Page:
By Arno Cornelissen
Committing to a comedy show scares me senseless. I’m always afraid that I’ll get stuck in a room with a lousy comedian who doesn’t know how to take a hint; awkwardness, jokes that fail to land, sweating bullets. Dude! Wa’s my bakkie? set my sceptical mind at ease.
I laugh with the rest of the audience from the moment the house rules are explained right till the end of Dean September’s (mis)ventures. Die windgat lightly – played by Jeremeo Le Cordeur – is the good kind of fool behind the script and the face.
Getting your first car is a ‘nca’ feeling. The lighting illuminates Dean’s sparkling eyes as he receives the Nissan 1400 as a 21st birthday present. Years later, when he discovers that his beloved bakkie has been stolen, Dean recollects his experiences attached to those wheels. Sound and a series of voice overs are used and provide more context to Dean and the people he remembers.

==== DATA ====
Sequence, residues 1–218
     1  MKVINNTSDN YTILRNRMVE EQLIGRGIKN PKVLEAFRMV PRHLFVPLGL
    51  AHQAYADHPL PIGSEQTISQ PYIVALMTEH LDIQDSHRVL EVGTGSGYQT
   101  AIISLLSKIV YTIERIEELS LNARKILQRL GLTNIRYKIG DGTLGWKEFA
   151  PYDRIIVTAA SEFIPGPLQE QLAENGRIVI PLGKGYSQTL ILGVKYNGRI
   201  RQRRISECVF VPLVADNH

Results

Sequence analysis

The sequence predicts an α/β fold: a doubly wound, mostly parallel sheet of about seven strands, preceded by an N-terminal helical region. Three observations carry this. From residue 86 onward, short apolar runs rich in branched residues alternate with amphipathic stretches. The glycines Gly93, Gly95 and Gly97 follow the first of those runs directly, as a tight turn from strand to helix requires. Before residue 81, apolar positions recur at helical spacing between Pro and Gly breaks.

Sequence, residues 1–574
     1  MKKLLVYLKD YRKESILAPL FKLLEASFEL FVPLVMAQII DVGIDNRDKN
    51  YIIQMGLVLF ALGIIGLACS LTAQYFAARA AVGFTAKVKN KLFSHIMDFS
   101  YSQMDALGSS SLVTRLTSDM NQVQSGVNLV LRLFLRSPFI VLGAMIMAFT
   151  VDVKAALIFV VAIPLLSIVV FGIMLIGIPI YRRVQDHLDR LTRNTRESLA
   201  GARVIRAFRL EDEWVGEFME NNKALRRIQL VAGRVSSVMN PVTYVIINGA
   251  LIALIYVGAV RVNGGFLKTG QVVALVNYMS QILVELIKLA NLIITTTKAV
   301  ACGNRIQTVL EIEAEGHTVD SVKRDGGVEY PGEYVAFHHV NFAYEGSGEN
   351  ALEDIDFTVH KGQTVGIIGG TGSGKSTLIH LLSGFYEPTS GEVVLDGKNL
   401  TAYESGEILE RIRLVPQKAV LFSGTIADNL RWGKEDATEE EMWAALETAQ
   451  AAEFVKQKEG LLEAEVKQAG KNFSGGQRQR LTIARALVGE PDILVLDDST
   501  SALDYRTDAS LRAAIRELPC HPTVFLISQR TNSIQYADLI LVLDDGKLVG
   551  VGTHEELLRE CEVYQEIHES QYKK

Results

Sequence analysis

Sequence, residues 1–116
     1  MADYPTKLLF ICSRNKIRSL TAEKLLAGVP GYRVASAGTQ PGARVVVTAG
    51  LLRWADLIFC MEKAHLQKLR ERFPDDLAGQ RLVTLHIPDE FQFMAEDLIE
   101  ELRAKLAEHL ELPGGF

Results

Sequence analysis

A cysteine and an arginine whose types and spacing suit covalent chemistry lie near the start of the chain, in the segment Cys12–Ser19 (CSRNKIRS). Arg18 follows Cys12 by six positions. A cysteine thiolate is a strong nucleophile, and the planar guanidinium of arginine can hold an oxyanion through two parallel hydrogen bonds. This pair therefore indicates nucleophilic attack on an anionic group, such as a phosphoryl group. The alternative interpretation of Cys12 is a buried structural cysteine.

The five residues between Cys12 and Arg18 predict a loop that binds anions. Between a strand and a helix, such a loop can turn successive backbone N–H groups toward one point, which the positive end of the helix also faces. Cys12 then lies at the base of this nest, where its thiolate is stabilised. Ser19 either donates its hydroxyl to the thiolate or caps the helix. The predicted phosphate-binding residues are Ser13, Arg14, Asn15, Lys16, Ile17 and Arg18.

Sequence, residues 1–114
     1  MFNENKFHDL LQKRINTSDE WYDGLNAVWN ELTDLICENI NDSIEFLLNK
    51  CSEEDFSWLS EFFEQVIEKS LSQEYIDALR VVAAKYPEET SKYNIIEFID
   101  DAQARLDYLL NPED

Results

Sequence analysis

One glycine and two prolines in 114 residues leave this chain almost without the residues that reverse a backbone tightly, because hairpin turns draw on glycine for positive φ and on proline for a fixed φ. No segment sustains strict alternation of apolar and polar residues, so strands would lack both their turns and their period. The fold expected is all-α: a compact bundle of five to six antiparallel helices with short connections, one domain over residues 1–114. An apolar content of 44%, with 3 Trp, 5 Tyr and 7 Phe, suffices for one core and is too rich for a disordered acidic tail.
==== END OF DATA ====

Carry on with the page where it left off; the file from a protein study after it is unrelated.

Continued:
The stage has minimal frills, and each prop is tactfully used to convey the setting of the differing scenes. The props are not a crutch; Dean is funny enough without them. Instead, he uses them in a balanced way, switching from storytelling to cruising around the streets at night in his beloved Nissan bakkie. The full moon shines bright through the perfectly positioned projector, along with the ever-present road sign:
R101 – Klapmuts – Paarl
Some scenes begin with a view of disaster. Poor Dean must relive these moments – like a car crash (with superficial wounds) happening in slow motion before your eyes.
As a born-and-raised Afrikaans boy, with an ouma with an adoration for Afrikaans art, Dude! Wa’s my bakkie? revived my love of the language. It is the first Afrikaans performance I have seen at Fest. The script, realised through Dean, even makes me second-guess my commitment to English as my preferred writing language. Partykeer is daar niks beter as ‘n Afrikaanse floekwoord of ‘n bietjie Cape Town slang nie. Dean’s stories and wisecracks, combined with his tjor’s lights and sound, make every bit of Dude! Wa’s my bakkie? worth watching. It takes the audience down a ‘Gangster’s Paradise’ memory lane. Yet, don’t expect any profound messages. Dean’s just there to make us laugh, not become the next Greta Thunberg.